5 Ways to Prepare for the Death of a Spouse

blooming-rose-1446185-mThe prospect of losing your spouse may be the hardest thing you’ll ever face. Taking the time to put things in order before he or she passes will give both of you peace of mind. When the time comes, the last thing you need is surprises.

Here are some things to think about, and talk about with your spouse and family members:

Stay on top of the finances

If your spouse has been in charge of your finances, this is the time to find out everything he or she knows about your bank accounts, savings, bills and insurance. Do you know what your income will be? Will it meet your needs, or will you need to make some adjustments? The more you know, the better prepared you will be. Be sure you have detailed information regarding –

  • Account numbers
  • Insurance policy numbers
  • Social Security number
  • Passwords and logins for online accounts
  • Utility and service providers

Gather all the estate planning documents

Does your spouse have a Will? Do you know where it is and who to contact when he or she passes? What about advance directives? Does your spouse have a living will? Does he or she wish to be kept alive on life support or not? This is the time to get all of your spouse’s estate planning documents in order, and updated if necessary. Here are the basic estate planning documents you need:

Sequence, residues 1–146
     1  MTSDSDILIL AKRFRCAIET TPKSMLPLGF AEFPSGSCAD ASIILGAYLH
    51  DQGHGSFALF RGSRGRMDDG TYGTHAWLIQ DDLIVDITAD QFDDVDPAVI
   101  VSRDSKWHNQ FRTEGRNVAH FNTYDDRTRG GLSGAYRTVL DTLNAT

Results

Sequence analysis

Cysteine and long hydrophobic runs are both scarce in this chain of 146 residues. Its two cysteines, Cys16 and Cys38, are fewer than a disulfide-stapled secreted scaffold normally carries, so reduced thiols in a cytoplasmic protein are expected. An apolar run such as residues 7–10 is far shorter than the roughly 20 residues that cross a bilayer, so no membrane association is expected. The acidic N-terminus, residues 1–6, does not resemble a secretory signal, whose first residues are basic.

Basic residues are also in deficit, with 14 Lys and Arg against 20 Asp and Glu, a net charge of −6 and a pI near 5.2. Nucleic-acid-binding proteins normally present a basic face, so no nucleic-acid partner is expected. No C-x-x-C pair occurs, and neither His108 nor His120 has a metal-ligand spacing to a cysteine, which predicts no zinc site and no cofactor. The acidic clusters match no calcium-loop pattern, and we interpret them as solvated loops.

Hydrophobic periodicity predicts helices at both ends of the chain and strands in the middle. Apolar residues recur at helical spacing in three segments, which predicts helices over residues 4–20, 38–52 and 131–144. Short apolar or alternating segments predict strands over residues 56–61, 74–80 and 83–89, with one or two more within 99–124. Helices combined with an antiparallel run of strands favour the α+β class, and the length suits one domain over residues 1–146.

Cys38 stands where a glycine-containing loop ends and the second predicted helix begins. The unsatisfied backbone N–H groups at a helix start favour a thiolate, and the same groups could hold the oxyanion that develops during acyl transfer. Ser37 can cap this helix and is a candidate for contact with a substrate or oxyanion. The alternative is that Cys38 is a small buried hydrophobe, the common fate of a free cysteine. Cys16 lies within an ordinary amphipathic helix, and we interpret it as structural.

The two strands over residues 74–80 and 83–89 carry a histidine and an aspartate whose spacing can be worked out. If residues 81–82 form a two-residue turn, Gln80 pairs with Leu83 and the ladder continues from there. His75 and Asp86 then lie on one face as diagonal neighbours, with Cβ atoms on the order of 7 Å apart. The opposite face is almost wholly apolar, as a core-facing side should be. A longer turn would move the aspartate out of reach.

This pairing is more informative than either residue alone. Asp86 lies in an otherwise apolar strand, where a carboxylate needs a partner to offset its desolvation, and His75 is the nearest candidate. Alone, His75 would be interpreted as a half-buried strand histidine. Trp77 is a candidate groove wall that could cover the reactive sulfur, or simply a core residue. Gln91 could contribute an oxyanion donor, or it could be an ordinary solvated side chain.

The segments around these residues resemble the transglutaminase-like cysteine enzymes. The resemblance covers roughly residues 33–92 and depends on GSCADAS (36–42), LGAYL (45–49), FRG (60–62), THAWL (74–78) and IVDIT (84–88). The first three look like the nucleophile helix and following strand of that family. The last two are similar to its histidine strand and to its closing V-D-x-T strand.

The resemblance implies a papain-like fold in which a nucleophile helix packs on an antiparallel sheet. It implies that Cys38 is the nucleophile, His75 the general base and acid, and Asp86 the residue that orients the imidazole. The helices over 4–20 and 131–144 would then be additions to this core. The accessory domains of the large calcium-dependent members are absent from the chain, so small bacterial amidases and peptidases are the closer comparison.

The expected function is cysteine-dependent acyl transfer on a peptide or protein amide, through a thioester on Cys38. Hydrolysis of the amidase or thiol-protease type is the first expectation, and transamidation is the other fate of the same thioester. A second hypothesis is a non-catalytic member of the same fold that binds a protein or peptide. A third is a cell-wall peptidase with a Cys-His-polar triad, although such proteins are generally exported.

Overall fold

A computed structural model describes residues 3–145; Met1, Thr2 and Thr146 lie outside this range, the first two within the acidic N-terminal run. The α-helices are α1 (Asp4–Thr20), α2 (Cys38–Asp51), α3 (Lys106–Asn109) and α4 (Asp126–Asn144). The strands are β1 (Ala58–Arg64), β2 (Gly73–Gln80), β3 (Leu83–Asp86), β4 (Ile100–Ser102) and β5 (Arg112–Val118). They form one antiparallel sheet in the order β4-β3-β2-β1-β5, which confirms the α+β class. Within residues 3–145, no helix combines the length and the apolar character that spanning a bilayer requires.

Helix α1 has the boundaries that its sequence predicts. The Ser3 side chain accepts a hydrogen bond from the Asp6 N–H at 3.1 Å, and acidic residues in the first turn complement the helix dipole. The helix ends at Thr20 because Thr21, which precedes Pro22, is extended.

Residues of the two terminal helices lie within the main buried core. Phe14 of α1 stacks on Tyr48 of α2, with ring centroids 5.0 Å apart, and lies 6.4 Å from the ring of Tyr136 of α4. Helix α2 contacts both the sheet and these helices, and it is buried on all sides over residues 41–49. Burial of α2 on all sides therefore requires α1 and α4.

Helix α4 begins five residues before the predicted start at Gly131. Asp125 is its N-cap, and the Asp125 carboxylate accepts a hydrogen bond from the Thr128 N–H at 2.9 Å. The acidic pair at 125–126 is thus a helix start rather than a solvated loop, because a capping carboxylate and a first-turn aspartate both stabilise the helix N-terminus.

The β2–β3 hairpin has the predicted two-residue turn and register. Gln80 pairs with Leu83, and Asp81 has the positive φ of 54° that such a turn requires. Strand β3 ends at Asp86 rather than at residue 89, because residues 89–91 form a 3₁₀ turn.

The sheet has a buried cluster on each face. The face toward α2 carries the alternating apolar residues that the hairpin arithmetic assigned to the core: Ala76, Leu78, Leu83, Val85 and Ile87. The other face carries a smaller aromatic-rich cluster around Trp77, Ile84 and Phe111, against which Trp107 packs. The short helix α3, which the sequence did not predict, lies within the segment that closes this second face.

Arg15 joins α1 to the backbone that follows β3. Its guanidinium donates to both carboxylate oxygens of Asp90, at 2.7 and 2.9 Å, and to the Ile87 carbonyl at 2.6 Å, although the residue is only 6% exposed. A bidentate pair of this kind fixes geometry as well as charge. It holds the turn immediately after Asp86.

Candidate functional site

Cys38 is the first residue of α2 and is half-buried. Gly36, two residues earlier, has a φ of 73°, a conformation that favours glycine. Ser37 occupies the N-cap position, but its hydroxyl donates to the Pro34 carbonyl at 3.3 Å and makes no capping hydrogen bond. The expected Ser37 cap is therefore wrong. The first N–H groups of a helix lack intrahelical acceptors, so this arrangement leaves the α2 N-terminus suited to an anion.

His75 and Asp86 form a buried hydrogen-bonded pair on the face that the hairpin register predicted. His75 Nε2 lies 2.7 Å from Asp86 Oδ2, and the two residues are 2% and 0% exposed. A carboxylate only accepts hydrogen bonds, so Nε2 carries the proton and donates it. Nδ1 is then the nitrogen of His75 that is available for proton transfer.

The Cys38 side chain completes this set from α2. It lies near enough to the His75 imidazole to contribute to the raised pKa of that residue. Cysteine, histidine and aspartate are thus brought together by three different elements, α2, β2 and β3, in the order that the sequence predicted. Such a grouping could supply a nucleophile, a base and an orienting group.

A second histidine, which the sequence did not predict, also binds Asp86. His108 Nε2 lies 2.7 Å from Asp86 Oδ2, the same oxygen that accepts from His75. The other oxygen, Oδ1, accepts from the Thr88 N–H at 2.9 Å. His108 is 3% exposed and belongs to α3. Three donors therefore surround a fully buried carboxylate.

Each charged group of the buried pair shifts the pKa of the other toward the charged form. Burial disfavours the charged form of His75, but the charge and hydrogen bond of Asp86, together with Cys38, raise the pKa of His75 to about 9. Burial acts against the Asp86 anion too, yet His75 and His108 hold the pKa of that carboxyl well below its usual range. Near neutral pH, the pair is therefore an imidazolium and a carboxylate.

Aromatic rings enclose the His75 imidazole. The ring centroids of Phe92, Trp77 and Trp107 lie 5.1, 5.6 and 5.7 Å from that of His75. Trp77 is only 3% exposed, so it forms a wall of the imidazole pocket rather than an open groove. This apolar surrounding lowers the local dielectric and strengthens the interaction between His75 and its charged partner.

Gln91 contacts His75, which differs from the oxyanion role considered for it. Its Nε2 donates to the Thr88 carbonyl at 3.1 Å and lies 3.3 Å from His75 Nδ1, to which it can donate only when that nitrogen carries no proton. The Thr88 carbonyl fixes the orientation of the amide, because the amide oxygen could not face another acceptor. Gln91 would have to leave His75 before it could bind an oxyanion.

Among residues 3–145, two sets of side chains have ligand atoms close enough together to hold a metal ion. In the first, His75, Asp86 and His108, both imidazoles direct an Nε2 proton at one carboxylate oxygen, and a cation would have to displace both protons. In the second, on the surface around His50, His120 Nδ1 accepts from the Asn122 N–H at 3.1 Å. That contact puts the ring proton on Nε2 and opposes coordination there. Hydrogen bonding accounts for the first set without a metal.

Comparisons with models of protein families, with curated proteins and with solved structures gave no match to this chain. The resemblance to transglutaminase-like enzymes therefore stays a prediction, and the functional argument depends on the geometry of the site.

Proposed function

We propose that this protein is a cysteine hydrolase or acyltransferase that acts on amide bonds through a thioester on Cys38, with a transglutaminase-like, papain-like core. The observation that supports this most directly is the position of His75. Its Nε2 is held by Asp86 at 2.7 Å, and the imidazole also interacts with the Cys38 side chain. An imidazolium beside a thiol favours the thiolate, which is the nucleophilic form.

• Last Will & Testament
  • Durable Power of Attorney
  • Healthcare Agent
  • Living Will

Discuss funeral arrangements now

Does your spouse wish to be cremated or buried? Do you own a burial plot or will you need to purchase one? Are finances adequate to cover funeral expenses? Does your spouse have a prepaid funeral contract with a funeral home? Knowing these things ahead of time, and making sure you understand your spouse’s final wishes will make it easier for all involved.

Make a phone list

Make a list of important phone numbers. Share the list with a family member, friend or trusted advisor to back you up. When you’re stressed, remembering details like this may be a challenge. The list should include both personal and professional contacts:

  • Emergency contacts
  • Physicians
  • Family members
  • Friends
  • Spouse’s employer
  • Attorney
  • Insurance agent
  • Financial advisor
  • Tax advisor

Take care of yourself

During such an emotionally wrenching time, be sure to take care of yourself. Talk a walk. Read that book your book club friends are reading. Stay connected with family and friends. Find a support group. Those who have been through this experience understand what you are going through and can help you on your journey.

It won’t be easy to say goodbye, but with a strong support system and the right guidance from professionals, you will be as prepared as possible to face the future on your own.

 

 

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